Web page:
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What has been done to assist children of incarcerated parents? What government and nongovernment programs have been established or proposed to help the children of incarcerated parents? What has worked and what has not? What more needs to be done? All in all, what can be done to improve the situation and give the kids of imprisoned parents a better chance of not following in their parents’ footsteps? It takes one to know one, as they say, but children of imprisoned parents do not have to follow down the same road. All too often, the pressures and circumstances drive the children down the wrong path, down a trail of incarceration tears and collapse, you could say. Losing a parent (or even both parents) to prison will put a tremendous amount of stress on children. Given the current likelihood of generational crime, it would seem that it is society’s responsibility to ensure that the children of incarcerated parents are not punished for their parents’ mistakes. Children should not be victimized by the sins of the parents, yet they so often are on a daily basis. It is society’s responsibility to prevent the children from suffering any further than would naturally follow the loss of an incarcerated parent. Yet, society’s response to these children has been perplexing, to say the least. There are a number of societal programs that exist to help children of incarcerated parents. Most of them are non-governmental. Others are federal and state funded programs and organizations. These are all relatively small and uncoordinated compared with the magnitude of the problem. With millions of children being thrown under the train of mass parental incarceration, relatively little has been done to stop the flood of childhood neglect from a societal point of view. Although there has been a growing number of public and private efforts to assist these children of incarcerated parents, there still needs to be much more done to turn things around. Let us now take a look at some of the public and private efforts that have been implemented to assist the children of incarcerated parents. Assisting Children of Incarcerated Parents: The Programs There are a number of government and non-government programs that have been created to assist the families and children of inmates. The federal and state governments provide or help fund a number of agencies that assist families that are burdened by parental incarceration. Child welfare agencies can provide a number of services to the children of the incarcerated, though few people have given these government agencies and programs high marks in terms of effectiveness and substance. One common criticism of government programs is their inability to properly coordinate and maximize their resources to assist children in a comprehensive manner. Another criticism is the government’s inability to adapt quickly and effectively to the realities of mass incarceration and the increasingly negative effects on children of the incarcerated throughout their childhood, only allowing things to get much worse for many children (Gabel & Johnston, 1995 and Travis & Waul, 2003). Furthermore, the government has recognized some of these problems and limitations and, as a result, has provided funding to non-government organizations that support prisoners’ families. The government declared in 2001 a Faith-Based and Community Initiative that was intended to promote greater opportunities for religious and social organizations to get involved in helping the families and children of the incarcerated (White House, online).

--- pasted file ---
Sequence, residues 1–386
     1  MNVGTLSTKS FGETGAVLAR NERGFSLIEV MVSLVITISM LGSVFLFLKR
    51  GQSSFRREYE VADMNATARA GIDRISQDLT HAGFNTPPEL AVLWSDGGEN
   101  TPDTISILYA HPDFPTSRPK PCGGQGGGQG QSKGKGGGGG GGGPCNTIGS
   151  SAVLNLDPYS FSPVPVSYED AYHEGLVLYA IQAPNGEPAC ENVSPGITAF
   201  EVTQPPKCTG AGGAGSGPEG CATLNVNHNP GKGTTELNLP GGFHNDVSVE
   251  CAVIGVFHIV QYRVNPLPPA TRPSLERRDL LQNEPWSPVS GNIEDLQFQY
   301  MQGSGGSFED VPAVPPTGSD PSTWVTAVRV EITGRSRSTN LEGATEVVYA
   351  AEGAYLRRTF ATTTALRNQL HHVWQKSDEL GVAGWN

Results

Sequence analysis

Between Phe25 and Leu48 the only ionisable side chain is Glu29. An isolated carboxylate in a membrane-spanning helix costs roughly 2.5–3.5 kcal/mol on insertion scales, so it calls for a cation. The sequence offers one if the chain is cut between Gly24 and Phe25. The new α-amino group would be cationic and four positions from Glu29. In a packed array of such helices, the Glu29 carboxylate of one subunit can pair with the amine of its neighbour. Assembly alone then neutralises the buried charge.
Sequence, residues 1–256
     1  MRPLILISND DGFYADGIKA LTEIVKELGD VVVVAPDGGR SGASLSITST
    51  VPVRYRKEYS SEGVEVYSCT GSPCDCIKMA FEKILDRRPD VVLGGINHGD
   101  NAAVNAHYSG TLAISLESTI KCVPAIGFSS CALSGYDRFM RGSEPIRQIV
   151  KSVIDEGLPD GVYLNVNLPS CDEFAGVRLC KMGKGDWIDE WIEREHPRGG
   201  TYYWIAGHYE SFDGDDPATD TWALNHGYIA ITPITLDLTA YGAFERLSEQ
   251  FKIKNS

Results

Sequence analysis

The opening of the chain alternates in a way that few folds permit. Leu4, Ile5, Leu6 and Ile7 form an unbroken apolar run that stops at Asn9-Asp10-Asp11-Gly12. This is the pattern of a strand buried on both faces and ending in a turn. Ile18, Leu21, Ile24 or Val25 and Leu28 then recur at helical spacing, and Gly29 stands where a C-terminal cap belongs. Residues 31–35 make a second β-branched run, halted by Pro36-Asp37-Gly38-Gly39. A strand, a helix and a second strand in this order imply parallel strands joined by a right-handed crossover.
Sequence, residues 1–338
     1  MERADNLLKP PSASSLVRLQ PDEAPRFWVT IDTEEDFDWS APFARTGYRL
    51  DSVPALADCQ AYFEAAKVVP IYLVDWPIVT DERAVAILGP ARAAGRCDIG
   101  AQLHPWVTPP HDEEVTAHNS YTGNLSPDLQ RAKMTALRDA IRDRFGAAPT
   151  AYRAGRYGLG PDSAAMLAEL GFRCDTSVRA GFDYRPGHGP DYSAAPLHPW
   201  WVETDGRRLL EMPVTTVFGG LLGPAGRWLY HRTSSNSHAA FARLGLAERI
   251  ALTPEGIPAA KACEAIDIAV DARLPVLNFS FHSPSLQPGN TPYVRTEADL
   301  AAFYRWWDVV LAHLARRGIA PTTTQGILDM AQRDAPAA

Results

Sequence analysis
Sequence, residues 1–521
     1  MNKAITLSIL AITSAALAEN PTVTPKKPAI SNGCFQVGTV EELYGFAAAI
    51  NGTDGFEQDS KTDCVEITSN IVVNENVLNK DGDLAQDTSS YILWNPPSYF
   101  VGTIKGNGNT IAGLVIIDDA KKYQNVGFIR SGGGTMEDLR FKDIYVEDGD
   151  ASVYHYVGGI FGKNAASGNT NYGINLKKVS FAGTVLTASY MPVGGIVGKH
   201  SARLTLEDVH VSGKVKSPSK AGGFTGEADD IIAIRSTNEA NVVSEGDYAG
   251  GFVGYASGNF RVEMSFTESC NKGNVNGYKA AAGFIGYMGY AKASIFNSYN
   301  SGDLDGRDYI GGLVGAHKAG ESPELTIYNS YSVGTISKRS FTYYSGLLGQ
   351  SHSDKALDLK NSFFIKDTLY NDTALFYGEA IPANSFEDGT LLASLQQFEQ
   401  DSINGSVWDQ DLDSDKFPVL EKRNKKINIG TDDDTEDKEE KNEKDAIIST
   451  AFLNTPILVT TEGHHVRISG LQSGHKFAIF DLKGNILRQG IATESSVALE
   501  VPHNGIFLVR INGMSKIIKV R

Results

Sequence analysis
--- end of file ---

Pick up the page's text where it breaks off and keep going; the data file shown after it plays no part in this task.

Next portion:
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There are a growing number of public and private non-government organizations that have been created to help the children of imprisoned parents. Many of these programs are religious-based programs, though others like Big Brothers Big Sisters of America are not and have been very effective in their specific roles and capacities, like providing mentors for 6-18 years olds. The Mennonites make a lot of effort at helping the children, especially babies, of imprisoned parents. There are various religious groups that work together in combining their resources to assist families of the incarcerated, like the Washington Association of Churches. There are outreach programs, like LIFE and 4-H in Missouri, that make comprehensive and regular efforts to support the children of inmates and to help the inmates as well in better parenting skills. K.I.D.S. (Kids In Distressed Situations) is another organization that collects private donations and works with other related organizations to help children of the imprisoned. Complementing and often encouraging these social-support organizations are a new generation of scholars who have become increasingly conscious and active on the problem of children of incarcerated parents. The critical and scholarly analysis goes a long way in persuading the public and government to work harder and do better in terms of assisting prisoners’ families. Yet, given the magnitude of the problem and the millions of children affected by parental incarceration, the current academic efforts should be considered just a continuation and development of past scholarly research and not an end. A lot of work and foundations have been made over the last several decades to motivate private and government organizations to help prisoners’ children. The current organizations, however, are still not able to deal with the vast majority of prisoners’ children and their problems. Much more private and government programs and funding must be made to continue building upon the last half century of effort to help the children of the incarcerated parents (Lawson, 2007, Grothaus, online, Dunn & Arbuckle, 2003, and Eastburn, 2000). More scholarly research needs to be done to identify the current problems and come up with much more comprehensive and effective solutions to the evergrowing problem of intergenerational crime, especially over the long-term. Conclusion Overall, the efforts and attempted cures for the children of incarcerated parents have not been very effective, although they have mostly been good at heart. Government programs seem to be more going-through-the-motions types of efforts that do not show any past, present, or hopeful evidence of future success on any substantial basis. We, unfortunately, now see that the fundamental problems of parental incarceration still remain with us and have not improved significantly for the past several decades and, in many cases, it appears to be getting worse, especially in terms of numbers, intensity, and long-term effects. If there is a “war on crime,” then we are clearly not winning it at the younger generational level. There continues to be high levels of crime in the United States despite the mass incarceration rate. Corrections are not really correcting since there is such a high failure in prisoner reentry. What seems to go unnoticed by most Americans and political leaders are the major effects this revolving prison door is having on the next generation of youth whose parents are incarcerated and keep getting re-incarcerated. If the prison system continues to fail in criminal reduction and deterrence let alone rehabilitation and prisoner reentry, then it culminates its failure in producing a future generation of criminals beneath its heap of losses. Peace Studies Journal, Vol. 6, Issue 3, July 2013